Gesundheit! The VIX Is Sneezing, Will Emerging Markets “Catch Cold?”

A couple of weeks ago in “‘This Was Inevitable At Some Point“, we asked a simple question: is there a storm coming for emerging markets?

The point was pretty simple really. EM has held up remarkably well in the face of what is supposed to be a Fed tightening cycle. Indeed, Q1 worked out quite well if you were long anything with the prefix “EM.”



In a testament to just how “cray” EM’s resiliency truly is, we also noted (a short while after the post linked above was published) that on a Fed Minutes day, the Vanguard FTSE EM ETF got its biggest daily inflows since 2012 ($872.5M):



Here’s how we attempted to explain the apparent anomaly:

Attribute this resiliency as you see fit. That is, maybe it was the fact that the dollar had a terrible Q1. Or maybe it was partially due to the fact that the March Fed “hike” was actually a “cut” if you care to consult financial conditions. Or maybe no one is buying what the Fed is selling in terms of their intentions. Or maybe today’s portfolio managers are too young to remember what a tightening cycle actually is.

Well on Wednesday, Goldman is out asking an important follow-up question. Namely, “if the VIX sneezes, will EM catch a cold?” Excerpts from the note are below.

Via Goldman

The 10% rise in the S&P index since the US election was catalysed by a surge in optimism surrounding US policy. While the hoped-for policy changes now appear less likely, ‘soft’ data have shown continued strength, leaving the S&P index hovering just under 2400 as investors wonder whether economic activity can catch up to sentiment and support another leg higher in asset prices. While opinions on that question remain split, what is clearer is that, as investors continue to wait for the global economy to ‘show me the activity’, they have become increasingly nervous about the prospect of a large, sharp S&P drawdown: the VIX index, which had remained around 12 through much of 2017Q1, now stands close to 15 (Exhibit 1).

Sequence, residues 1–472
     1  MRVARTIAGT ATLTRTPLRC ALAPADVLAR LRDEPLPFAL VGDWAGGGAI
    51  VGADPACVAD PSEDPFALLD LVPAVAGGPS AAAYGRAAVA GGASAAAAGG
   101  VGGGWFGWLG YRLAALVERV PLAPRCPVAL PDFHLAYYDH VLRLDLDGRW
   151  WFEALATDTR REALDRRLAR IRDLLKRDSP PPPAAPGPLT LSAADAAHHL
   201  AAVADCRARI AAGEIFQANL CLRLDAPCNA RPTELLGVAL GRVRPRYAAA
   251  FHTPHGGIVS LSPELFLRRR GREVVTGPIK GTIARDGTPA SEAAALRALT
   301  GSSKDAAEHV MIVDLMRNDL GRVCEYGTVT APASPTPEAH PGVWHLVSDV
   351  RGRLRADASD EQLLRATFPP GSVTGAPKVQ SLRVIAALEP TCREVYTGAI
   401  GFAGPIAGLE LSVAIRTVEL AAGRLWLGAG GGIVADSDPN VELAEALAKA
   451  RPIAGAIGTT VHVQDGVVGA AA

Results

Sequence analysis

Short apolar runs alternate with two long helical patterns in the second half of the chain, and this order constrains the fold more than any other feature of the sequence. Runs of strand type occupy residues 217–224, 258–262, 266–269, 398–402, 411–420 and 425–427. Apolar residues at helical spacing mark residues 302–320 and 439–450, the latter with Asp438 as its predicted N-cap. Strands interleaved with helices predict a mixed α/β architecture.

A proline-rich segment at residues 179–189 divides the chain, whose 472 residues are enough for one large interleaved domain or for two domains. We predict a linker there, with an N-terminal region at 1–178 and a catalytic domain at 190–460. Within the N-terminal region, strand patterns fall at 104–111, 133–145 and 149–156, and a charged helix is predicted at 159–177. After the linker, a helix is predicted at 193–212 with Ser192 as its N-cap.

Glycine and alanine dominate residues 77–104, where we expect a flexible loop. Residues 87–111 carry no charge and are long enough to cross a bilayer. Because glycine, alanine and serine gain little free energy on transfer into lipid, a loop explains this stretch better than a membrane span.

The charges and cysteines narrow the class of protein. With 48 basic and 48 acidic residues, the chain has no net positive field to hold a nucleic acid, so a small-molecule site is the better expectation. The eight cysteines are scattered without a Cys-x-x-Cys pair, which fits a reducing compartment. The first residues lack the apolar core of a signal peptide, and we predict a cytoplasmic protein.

How concerned should EM investors be if the S&P were to see a large reversal of its post-election gains? On the one hand, the ongoing improvement in macro fundamentals has contributed to a surprising resilience of EM assets to a wide range of external shocks in recent months, including fluctuations in US policy perceptions, DM rates and commodity prices. More specifically, Exhibit 2 shows that, in 2017, both EM equity indices and EM currencies have been far less sensitive than usual to shifts in the S&P index.


Exhibit 3 makes clear, however, that EM assets have not faced a true test in 2017: a large S&P drawdown and a spike in volatility and investor concern (the upper-left tip of the S&P’s ‘volatility smile’). Indeed, it has been more than a year since the S&P has seen a 10% drawdown, and volatility (both realised and implied) remained near historical lows for much of 2017Q1. Each of these trends was supported by rising momentum in survey-based measures of activity that — even if ‘hard’ data were to pick up — would be difficult to match in the remainder of 2017. If the market is forced to wait much longer for a follow-through in activity data, and the VIX continues to rise, EM investors should not be complacent: despite improving macro fundamentals, an S&P drawdown when the VIX index has reached high levels would likely be painful, especially given that investors have continued to build EM positioning. Exhibit 4 shows that the sensitivity of EM assets to the S&P index is, unsurprisingly, far higher when the VIX is elevated.


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